I choose my films on plot and recommendation. Recommendation from friends and from reviews... generally Empire Magazine and Guardian Film - they've never really let me down in the past. I never really look at the country of origin until after I've made that mental decision that splits into 3 categories:
- I need to watch that in the cinema soon;
- I may give that a gander on DVD/ download if I can grab a spare evening;
- I am never, ever going to subject myself to that...
When watching The Chaser last night, something struck me about watching films with subtitles. (Actually, it strikes me every time I watch a subtitled film, but for the first time I've actually remembered to articulate it into something resembling pseudo-intelligent comment.)
I've realised that when you watch a film that is subtitled it creates a different set of behaviours than if you watch a film that isn't.
For a start, I automatically feel more intelligent. I'm watching a foreign film. I'm not just watching it and relaxing whilst exercising my cognitive surplus, I'm reading and trying to figure out which words relate to the text.
Also, when I'm reading the subtitles I can't fully focus on the visuals. I have to jump from text to visuals. This means I read the text as quickly as I can and then jump up to the key part of the screen. Often this is a face of a character. In order to judge the emotion of the character I not only want to read what they are saying, but the tone in which it's said, the emotion on their face and their body language. Usually for an English speaking film I'd get all this in one small bundle. For a subtitled film I have to carry this out in two separate actions: Read the dialogue; observe emotion. This means you have to become incredibly adept at reading human emotion quickly as you don't want the scene to change before you've had the chance to have a good gander at the character.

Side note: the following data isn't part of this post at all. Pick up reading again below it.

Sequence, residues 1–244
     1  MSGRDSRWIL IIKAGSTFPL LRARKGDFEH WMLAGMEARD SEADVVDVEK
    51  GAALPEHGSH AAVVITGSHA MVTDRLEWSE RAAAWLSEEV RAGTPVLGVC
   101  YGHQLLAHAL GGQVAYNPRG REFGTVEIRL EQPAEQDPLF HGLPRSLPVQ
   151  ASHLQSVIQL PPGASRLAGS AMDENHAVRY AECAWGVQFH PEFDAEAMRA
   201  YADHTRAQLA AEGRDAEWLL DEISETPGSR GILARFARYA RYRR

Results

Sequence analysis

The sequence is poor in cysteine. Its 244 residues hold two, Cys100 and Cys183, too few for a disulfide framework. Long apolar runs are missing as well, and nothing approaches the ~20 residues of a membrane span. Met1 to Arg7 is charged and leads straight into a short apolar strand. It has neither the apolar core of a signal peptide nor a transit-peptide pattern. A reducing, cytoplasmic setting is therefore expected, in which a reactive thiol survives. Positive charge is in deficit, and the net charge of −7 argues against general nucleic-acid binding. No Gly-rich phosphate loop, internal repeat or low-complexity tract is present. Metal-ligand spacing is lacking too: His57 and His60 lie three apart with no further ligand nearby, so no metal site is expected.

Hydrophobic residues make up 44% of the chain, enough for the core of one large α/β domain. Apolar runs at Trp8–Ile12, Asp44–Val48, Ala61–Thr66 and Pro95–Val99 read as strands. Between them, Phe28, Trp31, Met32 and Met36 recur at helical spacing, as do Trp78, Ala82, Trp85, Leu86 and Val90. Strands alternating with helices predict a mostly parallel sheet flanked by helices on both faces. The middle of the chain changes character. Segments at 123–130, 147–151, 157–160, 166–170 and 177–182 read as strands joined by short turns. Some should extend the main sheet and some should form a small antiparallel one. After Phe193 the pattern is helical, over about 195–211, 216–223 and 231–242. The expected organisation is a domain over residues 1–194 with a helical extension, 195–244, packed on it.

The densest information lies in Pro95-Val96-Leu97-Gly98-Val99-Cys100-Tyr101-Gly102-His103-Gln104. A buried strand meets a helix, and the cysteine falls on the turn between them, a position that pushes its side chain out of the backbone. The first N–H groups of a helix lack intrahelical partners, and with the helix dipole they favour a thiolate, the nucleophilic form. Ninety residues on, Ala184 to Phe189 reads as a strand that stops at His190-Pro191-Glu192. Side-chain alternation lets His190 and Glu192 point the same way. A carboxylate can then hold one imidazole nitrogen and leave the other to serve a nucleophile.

I find that I experience the sound a lot more in subtitled films. Whilst I'm reading the subtitles I'm listening not only to the dialogue but to the ephemeral sound to pick up any indication of what's happening in the visuals. (In the case of The Chaser I noticed that I could hear the burn and crackle of the cigarettes being sucked on much more than I had in previous films... and they were always Dunhill. Me thinks post-production and product placement were at play...)
I was thinking of suggesting that subtitles should be moved around the screen to suit the scenes, so that you're always looking in the key part of the scene... but come to think of it after reviewing what I've written above I think that would be a shame. There's a certain art to watching a subtitled film and I guess you could argue it heightens your perception of a film. I think next time I watch an English speaking film on DVD I may watch it in a different language and turn on the subtitles. I reckon that would be quite a nice little experiment.
Anyway, both films are superb and I'd recommend seeing them.